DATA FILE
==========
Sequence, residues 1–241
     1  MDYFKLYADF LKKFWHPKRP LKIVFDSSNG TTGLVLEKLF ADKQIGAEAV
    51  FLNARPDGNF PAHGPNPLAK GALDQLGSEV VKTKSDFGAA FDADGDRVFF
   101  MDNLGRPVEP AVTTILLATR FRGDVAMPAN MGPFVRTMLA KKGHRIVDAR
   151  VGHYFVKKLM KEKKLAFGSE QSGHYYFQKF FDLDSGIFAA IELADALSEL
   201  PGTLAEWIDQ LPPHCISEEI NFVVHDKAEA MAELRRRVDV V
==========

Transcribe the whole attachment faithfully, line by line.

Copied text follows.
Sequence, residues 1–241
     1  MDYFKLYADF LKKFWHPKRP LKIVFDSSNG TTGLVLEKLF ADKQIGAEAV
    51  FLNARPDGNF PAHGPNPLAK GALDQLGSEV VKTKSDFGAA FDADGDRVFF
   101  MDNLGRPVEP AVTTILLATR FRGDVAMPAN MGPFVRTMLA KKGHRIVDAR
   151  VGHYFVKKLM KEKKLAFGSE QSGHYYFQKF FDLDSGIFAA IELADALSEL
   201  PGTLAEWIDQ LPPHCISEEI NFVVHDKAEA MAELRRRVDV V